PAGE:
Kazunori Yamauchi Interview

Interview: Gran Turismo creator reveals his plans for GT5

After what seems like an eternal wait (extended by an unscheduled delay to its release thanks to "technical issues") Gran Turismo 5 Prologue is finally out here, but it's far from finished, series creator Kazunori Yamauchi explains.

Sitting comfortably in Sony's flashy 3Rooms events HQ in London, Kazunori told CVG of the plans he has for his driving simulator, from a huge update this year that'll include car damage, to the whereabouts of the almost mythical PSP version, GT Mobile.

And just what would he say to those of you that refuse to accept Prologue as anything more than "just a demo"? Let find that out first, shall we...?


Some refer to GT5 Prologue a "just a £25 demo". How do you respond to that criticism?

Kazunori Yamauchi: I fully understand the pain of the people that were expecting a full GT to be released, but it took us three years to get this far and it has not been simple. It's been very difficult to do. We just hope that everyone understands that we are trying our best.

Will the US get the content that was added to the UK version?

Yamauchi: The Japanese version was updated to match the UK version on the day of the UK release, so they are now the same. And the US version that's coming out is going to be pretty much the same as the UK version.

There are still a lot of things we have left un-done in GT5 Prologue, so by fall [autumn] this year there will be another major update to the game.

What sort of content can we expect from the update?

Yamauchi: The major things that we're planning for the update will be to add community building features such as communication between players and also damage for the cars.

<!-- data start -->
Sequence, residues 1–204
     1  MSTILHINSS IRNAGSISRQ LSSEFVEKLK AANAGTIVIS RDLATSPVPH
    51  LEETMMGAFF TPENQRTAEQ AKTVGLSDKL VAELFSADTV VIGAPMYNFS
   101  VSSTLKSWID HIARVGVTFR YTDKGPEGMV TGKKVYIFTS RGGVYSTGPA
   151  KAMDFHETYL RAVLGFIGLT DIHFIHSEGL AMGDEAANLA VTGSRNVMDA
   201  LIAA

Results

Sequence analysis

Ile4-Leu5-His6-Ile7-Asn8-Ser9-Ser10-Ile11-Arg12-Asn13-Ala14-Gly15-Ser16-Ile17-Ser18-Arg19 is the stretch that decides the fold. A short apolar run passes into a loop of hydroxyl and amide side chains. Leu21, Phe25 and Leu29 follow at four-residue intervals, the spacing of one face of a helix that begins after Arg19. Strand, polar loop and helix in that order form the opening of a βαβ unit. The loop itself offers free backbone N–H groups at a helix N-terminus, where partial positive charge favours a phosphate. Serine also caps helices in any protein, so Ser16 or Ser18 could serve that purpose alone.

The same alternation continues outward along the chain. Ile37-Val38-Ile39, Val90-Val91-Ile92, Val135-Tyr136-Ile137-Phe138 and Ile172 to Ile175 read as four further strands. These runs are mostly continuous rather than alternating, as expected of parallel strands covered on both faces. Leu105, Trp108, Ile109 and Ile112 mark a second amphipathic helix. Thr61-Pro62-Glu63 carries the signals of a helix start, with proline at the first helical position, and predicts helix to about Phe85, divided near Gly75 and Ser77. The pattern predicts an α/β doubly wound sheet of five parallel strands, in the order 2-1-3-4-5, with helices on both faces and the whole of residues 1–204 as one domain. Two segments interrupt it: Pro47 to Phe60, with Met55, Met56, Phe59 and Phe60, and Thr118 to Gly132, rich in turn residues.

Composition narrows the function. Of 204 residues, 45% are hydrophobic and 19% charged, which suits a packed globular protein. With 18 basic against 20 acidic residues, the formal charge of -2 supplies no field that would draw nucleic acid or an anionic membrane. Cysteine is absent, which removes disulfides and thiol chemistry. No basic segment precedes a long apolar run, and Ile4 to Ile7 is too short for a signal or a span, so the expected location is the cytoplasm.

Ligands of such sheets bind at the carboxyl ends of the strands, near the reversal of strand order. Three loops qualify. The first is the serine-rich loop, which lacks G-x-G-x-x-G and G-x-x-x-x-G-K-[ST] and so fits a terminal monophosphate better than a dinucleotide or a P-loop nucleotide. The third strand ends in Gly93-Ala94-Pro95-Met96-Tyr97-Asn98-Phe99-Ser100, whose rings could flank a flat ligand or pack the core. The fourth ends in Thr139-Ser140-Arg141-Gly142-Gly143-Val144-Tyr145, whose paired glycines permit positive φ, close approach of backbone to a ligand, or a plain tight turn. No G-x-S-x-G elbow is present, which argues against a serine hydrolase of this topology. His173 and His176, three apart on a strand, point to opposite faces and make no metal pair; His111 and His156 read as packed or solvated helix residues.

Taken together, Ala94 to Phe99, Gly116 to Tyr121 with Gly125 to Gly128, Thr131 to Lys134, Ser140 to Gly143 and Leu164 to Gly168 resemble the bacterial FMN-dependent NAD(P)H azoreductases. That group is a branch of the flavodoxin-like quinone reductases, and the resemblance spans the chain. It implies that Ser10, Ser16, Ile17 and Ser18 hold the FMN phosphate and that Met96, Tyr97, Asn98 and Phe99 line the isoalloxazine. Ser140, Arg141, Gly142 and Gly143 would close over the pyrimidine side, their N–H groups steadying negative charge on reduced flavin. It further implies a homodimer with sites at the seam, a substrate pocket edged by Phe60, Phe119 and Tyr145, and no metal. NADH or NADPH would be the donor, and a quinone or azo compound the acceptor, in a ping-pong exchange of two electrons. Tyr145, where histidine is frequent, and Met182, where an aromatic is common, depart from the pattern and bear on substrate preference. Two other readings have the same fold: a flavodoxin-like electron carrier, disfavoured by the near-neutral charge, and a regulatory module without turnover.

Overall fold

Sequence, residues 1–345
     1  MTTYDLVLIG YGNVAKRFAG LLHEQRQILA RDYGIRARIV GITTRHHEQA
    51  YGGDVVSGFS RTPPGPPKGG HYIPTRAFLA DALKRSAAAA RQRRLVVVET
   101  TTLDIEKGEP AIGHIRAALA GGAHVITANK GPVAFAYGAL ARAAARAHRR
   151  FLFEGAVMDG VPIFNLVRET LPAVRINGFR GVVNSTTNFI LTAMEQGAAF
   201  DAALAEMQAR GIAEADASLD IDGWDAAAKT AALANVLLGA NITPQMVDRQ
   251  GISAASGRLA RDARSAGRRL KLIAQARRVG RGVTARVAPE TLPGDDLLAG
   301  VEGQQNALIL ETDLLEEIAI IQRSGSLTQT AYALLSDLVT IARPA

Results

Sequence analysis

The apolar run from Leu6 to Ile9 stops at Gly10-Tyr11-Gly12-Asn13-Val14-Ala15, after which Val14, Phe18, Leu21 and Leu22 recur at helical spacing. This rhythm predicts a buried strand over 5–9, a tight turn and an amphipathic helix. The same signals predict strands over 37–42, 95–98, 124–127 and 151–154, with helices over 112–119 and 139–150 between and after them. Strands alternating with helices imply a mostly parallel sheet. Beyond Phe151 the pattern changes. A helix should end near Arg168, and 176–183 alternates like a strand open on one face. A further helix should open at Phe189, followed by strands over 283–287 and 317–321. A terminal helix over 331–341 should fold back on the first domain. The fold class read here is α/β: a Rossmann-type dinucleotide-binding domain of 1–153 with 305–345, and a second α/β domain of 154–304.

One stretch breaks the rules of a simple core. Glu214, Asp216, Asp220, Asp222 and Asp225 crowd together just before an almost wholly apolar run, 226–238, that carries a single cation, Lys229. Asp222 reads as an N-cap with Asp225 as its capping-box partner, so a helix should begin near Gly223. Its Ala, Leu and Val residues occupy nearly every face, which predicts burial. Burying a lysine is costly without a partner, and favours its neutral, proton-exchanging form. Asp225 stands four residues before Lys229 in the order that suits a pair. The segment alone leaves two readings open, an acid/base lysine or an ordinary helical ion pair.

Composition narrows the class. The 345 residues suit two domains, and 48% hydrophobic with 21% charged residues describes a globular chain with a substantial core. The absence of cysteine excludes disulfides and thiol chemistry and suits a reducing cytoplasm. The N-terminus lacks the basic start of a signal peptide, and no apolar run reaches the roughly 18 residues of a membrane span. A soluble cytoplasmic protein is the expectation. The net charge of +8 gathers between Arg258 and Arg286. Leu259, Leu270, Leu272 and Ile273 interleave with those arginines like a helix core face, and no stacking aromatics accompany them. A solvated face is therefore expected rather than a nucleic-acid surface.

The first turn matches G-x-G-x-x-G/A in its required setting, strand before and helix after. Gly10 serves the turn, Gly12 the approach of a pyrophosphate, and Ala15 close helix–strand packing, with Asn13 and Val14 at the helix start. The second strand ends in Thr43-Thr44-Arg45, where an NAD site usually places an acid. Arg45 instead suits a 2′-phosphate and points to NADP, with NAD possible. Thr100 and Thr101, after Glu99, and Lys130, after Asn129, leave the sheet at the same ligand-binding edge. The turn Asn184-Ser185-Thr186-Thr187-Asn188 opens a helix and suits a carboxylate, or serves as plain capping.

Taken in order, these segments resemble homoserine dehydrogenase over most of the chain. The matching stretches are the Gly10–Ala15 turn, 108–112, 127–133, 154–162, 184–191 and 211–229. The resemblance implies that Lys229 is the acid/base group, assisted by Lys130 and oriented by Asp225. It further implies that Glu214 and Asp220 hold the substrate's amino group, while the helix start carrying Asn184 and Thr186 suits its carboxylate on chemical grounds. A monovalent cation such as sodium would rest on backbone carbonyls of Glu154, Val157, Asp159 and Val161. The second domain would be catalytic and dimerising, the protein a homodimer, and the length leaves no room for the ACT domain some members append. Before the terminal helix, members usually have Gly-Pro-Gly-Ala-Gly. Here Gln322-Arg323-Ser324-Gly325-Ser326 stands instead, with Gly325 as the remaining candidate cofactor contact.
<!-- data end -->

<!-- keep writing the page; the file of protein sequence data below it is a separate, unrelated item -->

Damage? Awesome. And the online part of the game will be improved, too?

Yamauchi: Yes, there'll be a focus on the online mode.

What's the current status with Gran Turismo Mobile for PSP and Gran Turismo for Boys (originally announced for PS2)?

Yamauchi: I don't think Gran Turismo Mobile will make this year, but we are hoping to make the PSP version a satellite game, like an addition to GT5.

I have to apologise because so much of our effort and energy is going into making the PS3 version that it's making it very difficult for us to work on the PSP version. The same goes for Gran Turismo for Boys, but we're hoping to make that a feature within GT5.

So instead of making it a separate game, it will come as a simplified mode within GT5?

Yamauchi: Yes.

The improvements in GT5 Prologue over the launch day-released GT HD are huge. How close is GT5 Prologue to GT5 overall?

Yamauchi: In terms of quality and features of the game, and in terms of functionality, GT5 Prologue will ultimately reach an equivalent level to GT5. I think the major difference between Prologue and GT5 will be the number of cars and courses that will be included within the game, in that there will be many more.

The GT series is now in its fifth iteration and running on ultra-high-performance hardware. How close would you say GT5 is to real life now?

Yamauchi: That's a really difficult question to answer, because there are so many more fun aspects of a car that's not just limited to driving. I hope that we've covered maybe half of the attractions of a real car, but there's still so much more to it.

Driving games strive for realism, but when they are as real as they are today, where do you see driving games going from here?

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